Many people will finally abandon their properties when they realize that it is better to go elsewhere, live in freedom, and "build again with worn-out tools"!

What will the liberals do whne their source of revenue is gone?

9 posted on 09/29/2010 7:40:28 AM PDT by Redleg Duke (RAT Hunting Season started the evening of March 21st, 2010!)
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To: WebFocus

VMS is in support mode now and support of it shipped to India. The VMS group in Nashua, NH is no more.


10 posted on 09/29/2010 7:42:35 AM PDT by Peter from Rutland
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To: Peter from Rutland

RE: VMS is in support mode now and support of it shipped to India. The VMS group in Nashua, NH is no more.


It looks like a lot of things we no longer want to use are being sent to India to support as well.

Look, I empathize with all the skilled technologist who lost their OpenVMS support jobs to India, but let’s face it -— VERY FEW COMPANIES IN THE USA use OpenVMS anymore.

It just isn’t profitable and cost effective to continue maintaining a support center here in the USA with the market trends going where they are.

I am willing to bet the Nashua, NH folks have moved on to other technical pursuits. As for the support group in India... hey, their days are NUMBERED as well — as numbered as the life span of the once venerable OpenVMS.

What about the once venerable TANDEM NON-STOP COMPUTER ? What’s happened to it ? It once used to power the NASDAQ Stock Market’s data center.


11 posted on 09/29/2010 7:50:25 AM PDT by WebFocus
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To: WebFocus

There are two acronyms that need to be discussed here: NAFTA and GATT. Where did Boxer stand on these two vehicles that have been used to outsource American jobs overseas since their inception???


12 posted on 09/29/2010 7:52:11 AM PDT by SoldierDad (Proud Papa of two new Army Brats! Congrats to my Soldier son and his wife.)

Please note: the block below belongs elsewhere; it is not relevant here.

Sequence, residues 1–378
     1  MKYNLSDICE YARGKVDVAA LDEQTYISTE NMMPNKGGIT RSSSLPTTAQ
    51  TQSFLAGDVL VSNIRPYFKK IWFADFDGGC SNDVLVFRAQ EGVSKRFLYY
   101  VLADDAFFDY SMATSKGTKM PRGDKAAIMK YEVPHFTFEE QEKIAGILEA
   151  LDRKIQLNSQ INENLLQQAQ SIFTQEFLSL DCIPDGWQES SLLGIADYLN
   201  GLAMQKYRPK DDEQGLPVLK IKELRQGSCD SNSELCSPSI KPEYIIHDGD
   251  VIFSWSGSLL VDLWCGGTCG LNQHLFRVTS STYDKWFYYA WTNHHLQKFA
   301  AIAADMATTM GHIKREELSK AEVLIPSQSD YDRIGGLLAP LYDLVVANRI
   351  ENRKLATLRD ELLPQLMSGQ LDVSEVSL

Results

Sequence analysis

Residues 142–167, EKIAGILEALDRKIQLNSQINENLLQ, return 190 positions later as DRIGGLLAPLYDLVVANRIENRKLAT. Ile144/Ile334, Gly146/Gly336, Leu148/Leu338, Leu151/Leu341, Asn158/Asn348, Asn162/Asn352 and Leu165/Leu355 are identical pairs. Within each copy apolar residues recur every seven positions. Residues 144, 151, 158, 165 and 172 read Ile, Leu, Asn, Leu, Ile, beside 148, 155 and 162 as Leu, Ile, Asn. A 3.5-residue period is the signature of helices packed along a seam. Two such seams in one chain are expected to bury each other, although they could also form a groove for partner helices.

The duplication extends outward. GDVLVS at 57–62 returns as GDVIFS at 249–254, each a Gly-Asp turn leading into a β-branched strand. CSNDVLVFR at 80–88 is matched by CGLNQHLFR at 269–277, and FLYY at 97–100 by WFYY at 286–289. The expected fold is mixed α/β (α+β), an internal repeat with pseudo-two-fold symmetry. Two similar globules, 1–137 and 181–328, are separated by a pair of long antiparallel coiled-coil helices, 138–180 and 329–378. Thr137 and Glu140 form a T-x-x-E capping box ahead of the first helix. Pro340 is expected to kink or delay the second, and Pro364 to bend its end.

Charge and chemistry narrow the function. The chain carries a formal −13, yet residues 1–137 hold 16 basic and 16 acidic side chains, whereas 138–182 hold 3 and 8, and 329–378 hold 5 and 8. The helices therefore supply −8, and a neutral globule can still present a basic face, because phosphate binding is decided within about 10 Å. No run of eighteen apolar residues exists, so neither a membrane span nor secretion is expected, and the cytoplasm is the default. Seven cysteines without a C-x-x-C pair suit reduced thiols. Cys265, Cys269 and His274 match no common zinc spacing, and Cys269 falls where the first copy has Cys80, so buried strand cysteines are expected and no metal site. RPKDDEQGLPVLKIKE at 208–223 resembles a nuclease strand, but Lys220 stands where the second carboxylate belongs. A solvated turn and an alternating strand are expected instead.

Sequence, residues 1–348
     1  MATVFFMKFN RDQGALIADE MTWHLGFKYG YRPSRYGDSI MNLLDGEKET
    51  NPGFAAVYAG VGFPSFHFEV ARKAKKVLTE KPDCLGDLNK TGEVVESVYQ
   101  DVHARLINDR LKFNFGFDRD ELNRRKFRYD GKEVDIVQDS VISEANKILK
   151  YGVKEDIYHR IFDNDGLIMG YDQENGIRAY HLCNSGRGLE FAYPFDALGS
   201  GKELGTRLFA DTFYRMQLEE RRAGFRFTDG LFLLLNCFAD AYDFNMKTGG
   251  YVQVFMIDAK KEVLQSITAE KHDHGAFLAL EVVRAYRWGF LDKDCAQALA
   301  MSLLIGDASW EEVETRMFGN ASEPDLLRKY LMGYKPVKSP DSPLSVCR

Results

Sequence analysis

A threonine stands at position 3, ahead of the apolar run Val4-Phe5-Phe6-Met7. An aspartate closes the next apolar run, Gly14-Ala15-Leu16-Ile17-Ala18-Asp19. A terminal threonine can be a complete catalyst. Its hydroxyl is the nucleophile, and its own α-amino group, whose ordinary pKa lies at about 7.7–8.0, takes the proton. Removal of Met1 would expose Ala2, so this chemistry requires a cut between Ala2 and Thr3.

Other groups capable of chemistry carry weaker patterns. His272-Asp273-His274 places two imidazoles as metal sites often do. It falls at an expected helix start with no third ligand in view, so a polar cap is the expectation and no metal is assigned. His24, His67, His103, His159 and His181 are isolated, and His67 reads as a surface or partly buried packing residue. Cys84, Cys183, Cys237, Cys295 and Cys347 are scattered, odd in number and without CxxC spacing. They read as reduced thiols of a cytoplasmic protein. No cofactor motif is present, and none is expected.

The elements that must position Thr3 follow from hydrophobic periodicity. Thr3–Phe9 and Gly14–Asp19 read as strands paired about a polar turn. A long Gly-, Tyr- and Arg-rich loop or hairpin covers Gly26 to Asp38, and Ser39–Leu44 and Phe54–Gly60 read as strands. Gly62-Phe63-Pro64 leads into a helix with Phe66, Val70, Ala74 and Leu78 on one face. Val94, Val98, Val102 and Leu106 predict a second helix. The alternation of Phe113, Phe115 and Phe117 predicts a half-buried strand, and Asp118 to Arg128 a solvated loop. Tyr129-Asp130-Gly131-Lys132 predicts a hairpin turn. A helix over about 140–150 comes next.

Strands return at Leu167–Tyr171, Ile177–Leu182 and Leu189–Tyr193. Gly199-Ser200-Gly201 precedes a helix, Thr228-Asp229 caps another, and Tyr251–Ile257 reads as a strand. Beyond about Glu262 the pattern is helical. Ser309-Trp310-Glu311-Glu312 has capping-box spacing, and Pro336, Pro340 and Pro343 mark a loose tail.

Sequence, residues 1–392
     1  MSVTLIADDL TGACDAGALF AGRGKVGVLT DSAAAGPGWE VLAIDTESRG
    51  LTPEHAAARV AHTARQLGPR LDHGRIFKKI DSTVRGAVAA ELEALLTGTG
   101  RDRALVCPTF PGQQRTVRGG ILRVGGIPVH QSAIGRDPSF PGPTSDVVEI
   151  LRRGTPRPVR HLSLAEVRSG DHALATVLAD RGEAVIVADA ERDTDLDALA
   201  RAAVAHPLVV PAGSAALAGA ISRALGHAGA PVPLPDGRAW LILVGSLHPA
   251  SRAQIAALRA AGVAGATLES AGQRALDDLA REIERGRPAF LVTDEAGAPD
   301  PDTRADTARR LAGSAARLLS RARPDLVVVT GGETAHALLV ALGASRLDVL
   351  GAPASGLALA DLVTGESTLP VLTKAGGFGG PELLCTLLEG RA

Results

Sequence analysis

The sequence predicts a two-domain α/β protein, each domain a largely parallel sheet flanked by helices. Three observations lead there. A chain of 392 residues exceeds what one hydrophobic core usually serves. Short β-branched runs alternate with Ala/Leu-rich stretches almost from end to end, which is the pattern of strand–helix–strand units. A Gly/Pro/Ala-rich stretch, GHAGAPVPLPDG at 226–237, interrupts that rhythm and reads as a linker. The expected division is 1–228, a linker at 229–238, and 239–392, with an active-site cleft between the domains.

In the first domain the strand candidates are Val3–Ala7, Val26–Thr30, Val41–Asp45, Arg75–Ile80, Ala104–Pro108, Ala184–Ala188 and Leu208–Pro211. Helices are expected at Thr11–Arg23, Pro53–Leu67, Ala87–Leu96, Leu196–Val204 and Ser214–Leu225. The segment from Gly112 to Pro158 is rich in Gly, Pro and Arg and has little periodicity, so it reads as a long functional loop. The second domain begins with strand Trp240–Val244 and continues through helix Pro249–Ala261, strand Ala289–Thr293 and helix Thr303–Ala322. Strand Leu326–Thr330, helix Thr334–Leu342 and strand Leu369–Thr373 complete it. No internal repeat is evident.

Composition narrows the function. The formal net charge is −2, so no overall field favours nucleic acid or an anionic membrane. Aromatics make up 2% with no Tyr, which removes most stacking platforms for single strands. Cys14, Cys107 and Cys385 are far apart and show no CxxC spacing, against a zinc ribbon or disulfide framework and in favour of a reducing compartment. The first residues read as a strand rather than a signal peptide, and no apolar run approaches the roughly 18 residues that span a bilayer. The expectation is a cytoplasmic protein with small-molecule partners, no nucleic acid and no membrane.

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To: WebFocus

You signed up 7 days ago and post THIS?

IT WAS THE BUBBA CLINTON ADMINISTRATION THAT MADE A NICE LITTLE DEAL WITH A SUPPORTER TO INSTALL THE OUTSOURCING POLICIES WE ARE DEALING WITH NOW.
Now, I didn’t check but what you want to bet BOXER voted YEA on that one.

So lets count all of the jobs lost to outsourcing by BOXERS vote on the Clinton Administrations outsourcing gambit.


13 posted on 09/29/2010 7:53:31 AM PDT by Marty62 (marty60)
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To: WebFocus

I hope Carly wins, Boxer is the dumbest Senator out of a 100.

However the Outsourcing issue is going to do her in. Even the Conservatives and Republicans I know hate this with a passion. These are hardworking people not the moucher/looter class.


14 posted on 09/29/2010 8:02:08 AM PDT by desertfreedom765
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To: Redleg Duke

RALLY TO SUPPORT CARLY
Today, Wednesday, September 29th Pasadena’s KPPC 89.3 is hosting a live debate between Carly Fiorina and Barbara Boxer. Since Moveon.org is organizing a rally to support Ms. Boxer, Carly’s campaign is calling for all available patriots to join a rally beginning at 11:30am in front of the KPPC studios located at 474 South Raymond Avenue in Pasadena . If you aren’t able to participate in the rally, please be sure to tune in at 1pm for the main event!